An evening of music with Artem Kotov, guest artist from Moscow, for the opening concert of our 2019-2020 Music Salon programme. This evening’s exceptional programme explores early Russian classical music, as well as piano music by rarely heard Russian composers Genishta (1795-1853), Lyadov (1855-1914), Catoire (1861-1926) and Roslavets (1881-1944). Artem Kotov is part of ‘Moscow Soloists’, Russia’s only Grammy award-winning ensemble.
Artem Kotov was born in Ekaterinburg (Russia) in 1983 and was six when he started to play the violin at the Ekaterinburg Academy of Music. When he was nine, he performed the Bach E major violin concerto with the academy orchestra.
Artem followed that with several successful performances at the Ekaterinburg Philharmonic Hall and at the Opera Theater. At the music festival, organised by UNESCO, Artem was awarded the Scholarship of Russian Ministry of Culture. He was 10 when he won the first prize at the Jeunesses Musicales competition in Bucharest and went on to pick up major prizes in Italy and Germany.
Eight years ago, Artem became laureate of the 5th Uralsk International Violin Competition in Kazakhstan and won the Bach Competition for Strings in London. This exceptional musician has toured Russia, Germany, the Netherlands, Romania and Italy.
He has also toured South and Central America and stopped off to give a masterclass at the Cuban Institute of Music in Havana. Artem’s repertoire includes the Six Sonatas and Partitas by Bach, Six Sonatas by Ysaye, and 10 violin sonatas by Beethoven.
In 2005-2009 he has been an artistic director of the Primavera Classica international music festival, which has had big success at Moscow’s best concert halls, featuring some of the finest artists of the younger generation.
Artem has studied with Igor Frolov at the Moscow State Conservatory. Finishing his degree at the Conservatory he won a scholarship awarded by A.Golubovich. That allowed him to continue study at Trinity College of Music in London, with some of the best London’s musicians, including Mayumi Fujikawa, Michael Bochmann and Pieter Schoeman.
After a successful audition for a Sub-Leader position at the London Philharmonic Orchestra, he has been awarded a trial with the LPO. In 2012 Yury Bashmet invited him to join The Moscow Soloists ensemble, also known as the only Russian classical ensemble possessing Grammy award (2008).
Featured as ‘One to watch’ in International Piano magazine, Alexander Karpeyev is a Russian pianist resident in the UK, who has performed throughout the UK and Europe and toured in the USA, Canada and Russia as a concerto soloist, recitalist and chamber musician.
Karpeyev trained at the Moscow Conservatory with Vera Gornostayeva and Alexander Mndoyants and the Guildhall School of Music & Drama under Joan Havill. He is the winner of the Dudley International Piano Competition as well as the Norah Sande Award and the holder of a Silver Medal from the Worshipful Company of Musicians. In 2014 he completed a performance practice doctoral degree at the City University, based on the Edna Iles Medtner Collection at the British Library. Karpeyev is often asked to give masterclasses and lectures on Russian performing practice.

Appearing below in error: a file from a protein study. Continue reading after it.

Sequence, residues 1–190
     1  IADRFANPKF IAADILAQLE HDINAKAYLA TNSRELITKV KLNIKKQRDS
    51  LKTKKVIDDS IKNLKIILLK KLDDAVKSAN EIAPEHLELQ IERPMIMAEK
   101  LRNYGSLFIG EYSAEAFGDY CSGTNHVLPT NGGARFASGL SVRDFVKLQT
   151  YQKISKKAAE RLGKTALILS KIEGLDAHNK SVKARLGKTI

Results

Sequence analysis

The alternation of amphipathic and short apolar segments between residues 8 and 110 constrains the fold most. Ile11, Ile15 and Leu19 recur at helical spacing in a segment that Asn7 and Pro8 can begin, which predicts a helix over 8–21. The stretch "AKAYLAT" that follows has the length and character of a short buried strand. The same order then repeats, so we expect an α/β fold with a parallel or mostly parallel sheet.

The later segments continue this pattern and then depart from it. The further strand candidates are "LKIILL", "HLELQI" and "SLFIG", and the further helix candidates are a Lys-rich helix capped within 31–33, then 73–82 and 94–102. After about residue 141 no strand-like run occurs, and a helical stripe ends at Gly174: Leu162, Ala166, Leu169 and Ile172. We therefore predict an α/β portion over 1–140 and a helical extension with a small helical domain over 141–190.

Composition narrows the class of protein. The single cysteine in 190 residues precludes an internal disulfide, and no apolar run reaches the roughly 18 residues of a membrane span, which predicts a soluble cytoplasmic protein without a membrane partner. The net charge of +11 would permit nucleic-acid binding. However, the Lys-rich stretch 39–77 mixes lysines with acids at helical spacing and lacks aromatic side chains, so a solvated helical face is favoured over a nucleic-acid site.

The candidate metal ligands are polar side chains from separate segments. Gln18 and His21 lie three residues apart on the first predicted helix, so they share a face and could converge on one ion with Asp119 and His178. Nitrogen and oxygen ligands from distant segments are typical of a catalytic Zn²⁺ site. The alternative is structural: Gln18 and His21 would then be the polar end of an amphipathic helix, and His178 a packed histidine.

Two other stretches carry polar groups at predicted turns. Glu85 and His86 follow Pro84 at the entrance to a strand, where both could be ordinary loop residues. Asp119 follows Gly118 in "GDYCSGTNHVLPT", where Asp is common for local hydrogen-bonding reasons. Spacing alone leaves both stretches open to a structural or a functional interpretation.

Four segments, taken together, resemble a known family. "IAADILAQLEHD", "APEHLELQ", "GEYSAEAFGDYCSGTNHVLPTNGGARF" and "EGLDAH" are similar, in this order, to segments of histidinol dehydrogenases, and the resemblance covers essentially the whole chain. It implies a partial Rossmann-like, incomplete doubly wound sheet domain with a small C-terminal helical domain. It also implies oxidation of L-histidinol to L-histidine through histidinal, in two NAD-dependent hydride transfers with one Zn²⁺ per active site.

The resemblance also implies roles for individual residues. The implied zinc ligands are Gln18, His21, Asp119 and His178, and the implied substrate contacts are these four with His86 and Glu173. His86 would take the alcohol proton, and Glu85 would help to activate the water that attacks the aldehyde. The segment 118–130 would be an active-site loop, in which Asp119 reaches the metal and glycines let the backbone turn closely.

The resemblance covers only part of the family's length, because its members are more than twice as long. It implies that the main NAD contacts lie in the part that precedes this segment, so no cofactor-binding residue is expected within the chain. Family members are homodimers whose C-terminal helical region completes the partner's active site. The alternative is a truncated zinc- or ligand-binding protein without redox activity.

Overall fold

‘Sasha’ is passionate about communicating his ideas on Romantic 19th and early 20th-century piano repertoire, and in particular exploring the works of virtuoso pianist-composers. A Medtner specialist, he became deeply immersed in Medtner’s music and approach to music-making while working on his doctoral degree, and his contact with unique performing practice evidence informs his own playing. He recently gave the Algerian premiere of Chopins’ F minor Concerto with the Algerian National Opera Orchestra under Maestro Amine Kouider.
He devotes considerable time to promoting Russian music in London as the Music Curator of the Pushkin House Music Salon in Bloomsbury, where he appears both as a soloist and collaborator with guest artists. He also has a mission to devise and direct music festivals that imaginatively combine performance and scholarship. Building on the success of three recent Medtner festivals in London, Karpeyev aspires to mount a bigger annual Russian Music Festival in London.
As well as performing and speaking about music, Karpeyev is actively engaged in recording projects. The first, entitled ‘Russian Émigré Composers’ (Claudio Records, 2018), commemorates the centenary of the Russian Revolution and, in particular, highlights some of the achievements of the pianist composers who emigrated to Europe and the USA at that time. The second is a recording of ‘Composers at the Savile Club‘ (SOMM Recordings, 2019). The recording celebrates the 150th anniversary of the founding of the London club. Among those featured are Elgar, Parry, Stanford, Howells and Walton. In addition to works for solo piano, the recording includes trumpet fanfares by Savile Club recent and current members Sir Malcolm Arnold and Julian Anderson. The recording was at the top of Spotify, Apple Music and Primephonic releases in August 2019. The latest project is a CD of Medtner Songs, Opp. 36-7, 45-6, recorded with the Russian soprano Sofia Fomina (2019), offering the first complete version of Opp. 36 and 46, with Russian texts by Pushkin, Tyutchev and Fet, and German texts by Goethe, Eichendorff and Chamisso; it will be released by Chandos in 2021.
Karpeyev remains deeply grateful for the support of the Stiftung Lyra (Zürich), Guildhall School Trust, Martin Musical Scholarship Fund, Hattori Foundation, Leverhulme Trust, Craxton Memorial Trust, English Speaking Union, Fidelio Charitable Trust, Solti Foundation, Nicholas Boas Charitable Trust, Jaques Samuel Pianos, his family and numerous anonymous donors.